Question 48: What’s the current state of error correction? How would that work for a quantum computer?
Answer 48: This is an enormous question. Briefly, no one has yet experimentally demonstrated quantum error-correction that gives a net gain in qubit lifetime in the presence of general qubit errors. But, kind of like with controlled fusion, they’ve been closing in on the “break-even point,” and the major players are now in a race to be the first to demonstrate it. From there, of course, we’ll still have a ways to go to get full fault-tolerant quantum computation.

Question 49: Are room temperature scalable quantum computer feasible?
*Answer 49: Maybe someday! Right now we’d gladly accept any scalable quantum computer at all.

Question 50: Quantum supremacy is concerned with the absolute statement without considering the demonstrated computational advantages – should there be a different property that measures computation over the resources used for computation? Maybe in terms of energy…?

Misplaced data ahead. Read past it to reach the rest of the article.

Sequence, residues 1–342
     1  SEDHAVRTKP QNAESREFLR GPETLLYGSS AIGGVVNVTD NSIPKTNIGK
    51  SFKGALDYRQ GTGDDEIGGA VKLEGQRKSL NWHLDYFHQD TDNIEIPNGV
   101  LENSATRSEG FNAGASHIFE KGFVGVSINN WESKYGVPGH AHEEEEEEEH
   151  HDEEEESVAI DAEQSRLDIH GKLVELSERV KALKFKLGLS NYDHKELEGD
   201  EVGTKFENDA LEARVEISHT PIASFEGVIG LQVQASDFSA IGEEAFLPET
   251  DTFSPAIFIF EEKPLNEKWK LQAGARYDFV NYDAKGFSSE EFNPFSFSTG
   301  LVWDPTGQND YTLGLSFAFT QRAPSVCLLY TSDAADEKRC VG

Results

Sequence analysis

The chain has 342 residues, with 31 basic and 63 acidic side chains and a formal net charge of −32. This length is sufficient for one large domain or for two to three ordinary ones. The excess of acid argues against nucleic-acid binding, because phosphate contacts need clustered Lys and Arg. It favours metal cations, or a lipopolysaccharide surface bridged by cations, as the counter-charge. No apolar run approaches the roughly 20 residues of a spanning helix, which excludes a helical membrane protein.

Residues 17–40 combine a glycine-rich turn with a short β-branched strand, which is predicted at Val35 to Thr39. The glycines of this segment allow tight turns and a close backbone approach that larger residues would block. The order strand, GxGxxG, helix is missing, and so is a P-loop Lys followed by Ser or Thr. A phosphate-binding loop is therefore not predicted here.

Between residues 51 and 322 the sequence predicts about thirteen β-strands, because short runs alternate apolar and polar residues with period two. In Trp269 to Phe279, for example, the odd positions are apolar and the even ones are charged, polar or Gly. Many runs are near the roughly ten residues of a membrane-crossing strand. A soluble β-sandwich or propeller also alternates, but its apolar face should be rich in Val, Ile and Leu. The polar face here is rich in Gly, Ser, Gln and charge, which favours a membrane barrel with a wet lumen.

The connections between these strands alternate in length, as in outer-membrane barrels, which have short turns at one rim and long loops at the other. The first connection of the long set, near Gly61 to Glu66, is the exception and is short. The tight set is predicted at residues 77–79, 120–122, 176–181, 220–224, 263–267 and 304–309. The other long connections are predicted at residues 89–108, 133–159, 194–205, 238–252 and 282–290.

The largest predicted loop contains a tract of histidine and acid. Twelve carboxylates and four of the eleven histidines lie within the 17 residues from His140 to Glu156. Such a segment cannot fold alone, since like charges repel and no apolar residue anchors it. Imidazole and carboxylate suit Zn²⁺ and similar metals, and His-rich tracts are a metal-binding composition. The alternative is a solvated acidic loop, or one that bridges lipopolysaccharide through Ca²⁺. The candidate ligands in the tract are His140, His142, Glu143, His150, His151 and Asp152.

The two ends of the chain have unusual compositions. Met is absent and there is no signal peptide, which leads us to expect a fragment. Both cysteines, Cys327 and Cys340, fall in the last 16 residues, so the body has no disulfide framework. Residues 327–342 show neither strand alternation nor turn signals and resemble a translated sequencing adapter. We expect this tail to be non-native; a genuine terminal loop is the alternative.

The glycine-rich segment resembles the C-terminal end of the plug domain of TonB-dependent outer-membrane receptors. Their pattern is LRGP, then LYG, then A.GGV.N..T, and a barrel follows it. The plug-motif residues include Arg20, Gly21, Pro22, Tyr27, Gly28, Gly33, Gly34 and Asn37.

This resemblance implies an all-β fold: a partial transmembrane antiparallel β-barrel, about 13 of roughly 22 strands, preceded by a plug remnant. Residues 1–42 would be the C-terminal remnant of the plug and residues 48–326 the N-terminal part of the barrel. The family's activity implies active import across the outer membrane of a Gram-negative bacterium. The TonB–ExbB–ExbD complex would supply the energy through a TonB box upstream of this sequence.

Answer 50: No, quantum supremacy is not “absolute” – it’s all about performing the same task with dramatically fewer resources (including time, processors, and energy) than are needed classically.

Question 51: Is the distance between LXEB=1.0001 in experiment and the theoretical perfect value of 2 all due to decoherence?
Answer 51: No, I believe it’s also due to calibration and many other things besides decoherence.

Question 52: Would quantum computing have benefited most from having been developed by physicists, mathematicians, or computer scientists?
Answer 52: Historically, it needed contributions from all of them, but especially a rich interplay between physics and CS. Quantum mechanics was in place by 1926 and Turing machines by 1936, but the centrality of polynomial vs. exponential time wasn’t firmly understood until the 60s and 70s – which is probably a major reason why QC didn’t start getting explored until the 80s!